In today’s Big Box world of giant retailers, many small retailers have come up against what seems to be insurmountable odds. There seems to be no industry safe from the impact of the “big guy”. So today I thought we would discuss an industry not often considered when thinking of Big Box competition, the hearing instrument market. However we could just as easily be talking about clothes, or sunglasses, the same holds true for almost every industry.
Hearing instrument unit sales were up last year – 10.1%, 9.7%, and 8.8% in Q1, Q2, and Q3, respectively. And most of that growth has been in the private sector. If you’re an independent provider, there’s reason for cautious optimism. However, the challenge of facing off with Big Box giants, who are increasingly dominating the hearing instrument market, remains.
One of the biggest problems in competing with Big Box stores is that they often are able to buy units in bulk at reduced prices. This puts independent practices at an obvious disadvantage because most smaller practices are unable to tap into the same bulk discounts.
A second disadvantage is convenience. Big Box stores, such as Costco and Sam’s Club, are everywhere and they offer all-in-one shopping. For many independent hearing practices, this can pose a major obstacle.
Trying to Compete..Here’s the Problem
The problem for independent practices is that many consumers view hearing aids simply as commodities. The expertise that goes along with them tends to be overlooked, especially with the allure of inexpensive instruments. We could discuss how this happened, but that’s another topic and likely one that hearing instrument providers would not want to hear.
But competing on price is simply not the answer. Here’s why: Costco can sell a low-end, in-the-ear hearing aid for as little as $500. Higher-end units can sell for between $900 and $1500 per unit. That may be less than an independent practice would pay for them.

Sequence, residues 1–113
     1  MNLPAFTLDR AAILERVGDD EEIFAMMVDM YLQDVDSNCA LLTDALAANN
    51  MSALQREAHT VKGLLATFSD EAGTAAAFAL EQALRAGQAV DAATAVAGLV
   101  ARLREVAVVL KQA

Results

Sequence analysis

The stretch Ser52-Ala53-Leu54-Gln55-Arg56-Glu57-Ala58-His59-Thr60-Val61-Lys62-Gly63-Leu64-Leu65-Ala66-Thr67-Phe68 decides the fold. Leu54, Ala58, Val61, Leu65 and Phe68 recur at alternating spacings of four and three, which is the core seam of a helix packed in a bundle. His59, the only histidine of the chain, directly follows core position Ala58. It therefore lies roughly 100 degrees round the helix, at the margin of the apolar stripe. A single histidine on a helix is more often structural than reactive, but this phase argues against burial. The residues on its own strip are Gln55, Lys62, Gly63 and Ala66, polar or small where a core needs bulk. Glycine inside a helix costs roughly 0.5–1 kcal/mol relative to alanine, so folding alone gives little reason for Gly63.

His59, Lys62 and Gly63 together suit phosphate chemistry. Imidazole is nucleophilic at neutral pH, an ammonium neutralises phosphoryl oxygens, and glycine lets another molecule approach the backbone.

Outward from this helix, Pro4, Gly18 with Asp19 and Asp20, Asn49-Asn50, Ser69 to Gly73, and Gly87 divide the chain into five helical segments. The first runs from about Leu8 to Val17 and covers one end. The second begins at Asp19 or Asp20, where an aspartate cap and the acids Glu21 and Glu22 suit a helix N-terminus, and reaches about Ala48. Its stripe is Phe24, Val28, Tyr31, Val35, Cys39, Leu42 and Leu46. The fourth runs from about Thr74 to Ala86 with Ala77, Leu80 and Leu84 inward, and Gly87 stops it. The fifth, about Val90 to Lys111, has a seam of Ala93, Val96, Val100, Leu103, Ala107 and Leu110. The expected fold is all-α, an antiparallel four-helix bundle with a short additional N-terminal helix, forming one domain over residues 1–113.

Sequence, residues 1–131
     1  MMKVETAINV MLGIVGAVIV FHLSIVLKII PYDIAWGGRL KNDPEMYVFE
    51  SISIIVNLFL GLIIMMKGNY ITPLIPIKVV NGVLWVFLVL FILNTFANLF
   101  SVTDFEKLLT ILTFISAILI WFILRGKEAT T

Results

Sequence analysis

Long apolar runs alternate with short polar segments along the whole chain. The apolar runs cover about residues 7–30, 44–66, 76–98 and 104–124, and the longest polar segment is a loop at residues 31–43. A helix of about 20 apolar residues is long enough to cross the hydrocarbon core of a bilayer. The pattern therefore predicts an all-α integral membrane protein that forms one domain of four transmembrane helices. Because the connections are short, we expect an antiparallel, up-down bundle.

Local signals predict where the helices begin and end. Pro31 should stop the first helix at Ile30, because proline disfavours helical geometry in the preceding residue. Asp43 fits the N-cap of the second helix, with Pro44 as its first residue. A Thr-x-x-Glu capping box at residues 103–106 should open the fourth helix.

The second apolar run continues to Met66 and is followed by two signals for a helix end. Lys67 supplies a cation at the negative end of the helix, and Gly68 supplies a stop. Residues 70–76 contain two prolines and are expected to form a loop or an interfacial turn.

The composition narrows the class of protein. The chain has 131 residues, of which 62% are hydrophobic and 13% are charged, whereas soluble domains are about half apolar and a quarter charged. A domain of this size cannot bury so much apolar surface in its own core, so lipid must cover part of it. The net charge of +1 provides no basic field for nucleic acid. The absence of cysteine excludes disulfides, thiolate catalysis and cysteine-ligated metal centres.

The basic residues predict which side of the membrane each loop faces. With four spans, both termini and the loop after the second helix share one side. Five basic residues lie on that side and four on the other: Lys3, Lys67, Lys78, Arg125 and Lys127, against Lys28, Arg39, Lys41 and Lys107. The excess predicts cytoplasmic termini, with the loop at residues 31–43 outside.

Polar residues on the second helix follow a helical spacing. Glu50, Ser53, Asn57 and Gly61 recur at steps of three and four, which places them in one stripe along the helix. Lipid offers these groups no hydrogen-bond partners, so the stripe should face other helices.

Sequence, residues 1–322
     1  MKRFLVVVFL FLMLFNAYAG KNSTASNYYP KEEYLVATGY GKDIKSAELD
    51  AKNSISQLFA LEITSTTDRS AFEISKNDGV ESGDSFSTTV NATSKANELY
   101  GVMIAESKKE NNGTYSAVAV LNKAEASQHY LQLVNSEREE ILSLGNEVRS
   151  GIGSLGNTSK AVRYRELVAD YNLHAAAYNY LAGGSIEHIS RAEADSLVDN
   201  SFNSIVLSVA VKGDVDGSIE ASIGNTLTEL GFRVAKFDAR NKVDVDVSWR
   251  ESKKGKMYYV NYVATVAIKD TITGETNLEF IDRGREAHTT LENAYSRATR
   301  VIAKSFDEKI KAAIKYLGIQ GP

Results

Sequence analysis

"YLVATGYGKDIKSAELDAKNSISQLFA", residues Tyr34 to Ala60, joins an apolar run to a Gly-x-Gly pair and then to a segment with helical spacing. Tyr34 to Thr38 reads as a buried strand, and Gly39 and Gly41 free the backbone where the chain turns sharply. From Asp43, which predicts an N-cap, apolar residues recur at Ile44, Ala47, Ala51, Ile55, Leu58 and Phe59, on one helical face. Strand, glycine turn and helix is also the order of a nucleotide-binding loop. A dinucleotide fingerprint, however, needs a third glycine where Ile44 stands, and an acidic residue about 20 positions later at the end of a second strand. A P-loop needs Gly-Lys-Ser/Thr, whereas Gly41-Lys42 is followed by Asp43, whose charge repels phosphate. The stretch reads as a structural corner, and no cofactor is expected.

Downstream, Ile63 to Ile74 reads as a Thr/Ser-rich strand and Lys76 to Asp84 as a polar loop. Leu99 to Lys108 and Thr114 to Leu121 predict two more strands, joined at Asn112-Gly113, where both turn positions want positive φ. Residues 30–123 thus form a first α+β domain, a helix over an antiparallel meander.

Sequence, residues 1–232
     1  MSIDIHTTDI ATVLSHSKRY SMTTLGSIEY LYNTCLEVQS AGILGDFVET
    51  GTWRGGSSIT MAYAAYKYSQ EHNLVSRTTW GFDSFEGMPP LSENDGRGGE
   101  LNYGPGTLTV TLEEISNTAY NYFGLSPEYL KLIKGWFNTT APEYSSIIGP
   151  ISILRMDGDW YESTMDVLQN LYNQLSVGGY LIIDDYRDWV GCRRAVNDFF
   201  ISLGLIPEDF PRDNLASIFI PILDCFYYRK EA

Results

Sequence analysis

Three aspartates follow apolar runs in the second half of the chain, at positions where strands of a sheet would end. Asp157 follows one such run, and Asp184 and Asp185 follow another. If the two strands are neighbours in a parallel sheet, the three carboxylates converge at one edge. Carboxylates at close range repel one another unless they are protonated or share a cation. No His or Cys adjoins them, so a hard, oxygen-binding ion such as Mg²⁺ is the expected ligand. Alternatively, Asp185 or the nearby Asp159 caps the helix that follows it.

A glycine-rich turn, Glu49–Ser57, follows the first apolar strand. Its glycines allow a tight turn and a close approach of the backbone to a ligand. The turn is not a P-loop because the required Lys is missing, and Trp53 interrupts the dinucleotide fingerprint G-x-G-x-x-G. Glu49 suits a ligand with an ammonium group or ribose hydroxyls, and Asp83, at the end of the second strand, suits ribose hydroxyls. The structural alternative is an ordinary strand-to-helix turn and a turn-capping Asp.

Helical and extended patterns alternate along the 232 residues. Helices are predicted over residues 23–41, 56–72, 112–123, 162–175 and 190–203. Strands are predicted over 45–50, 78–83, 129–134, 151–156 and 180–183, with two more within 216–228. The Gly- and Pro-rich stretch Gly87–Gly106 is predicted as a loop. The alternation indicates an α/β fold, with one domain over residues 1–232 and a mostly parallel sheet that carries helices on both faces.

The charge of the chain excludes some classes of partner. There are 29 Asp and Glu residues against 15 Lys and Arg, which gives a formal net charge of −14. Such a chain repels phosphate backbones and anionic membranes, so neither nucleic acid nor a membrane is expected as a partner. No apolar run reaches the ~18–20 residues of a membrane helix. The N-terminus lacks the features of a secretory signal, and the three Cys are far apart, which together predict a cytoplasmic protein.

Costco even has its own line of hearing products, branded as Kirkland. The company has become one of the biggest hearing aid distributors on the market, and that’s a result of treating hearing instruments as commodities. Other companies have taken a similar path, and online sellers bring an added dimension to the industry dynamic.
It’s pretty obvious that outpricing these guys is not an option. You’d be out of business in no time. So the key to competing lies not in your pricing but in your ability to distinguish yourself from those who sell hearing aids as commodities. The process of distinguishing yourself comes with its own set of challenges beginning with how to approach the market differently.
So if you run an independent practice, let’s begin with what do you have to offer that the big box stores don’t?
Hearing Instrument Customer Experience
Purchasing a hearing aid at a big box store is not much different than purchasing any other product. You can be purchasing bread and milk one minute, then walk right over and buy a hearing aid. Sure, there are some specialized staff to help you test your hearing and figure out what unit you need, but their function isn’t far off from a sales associate in the electronics or appliance department.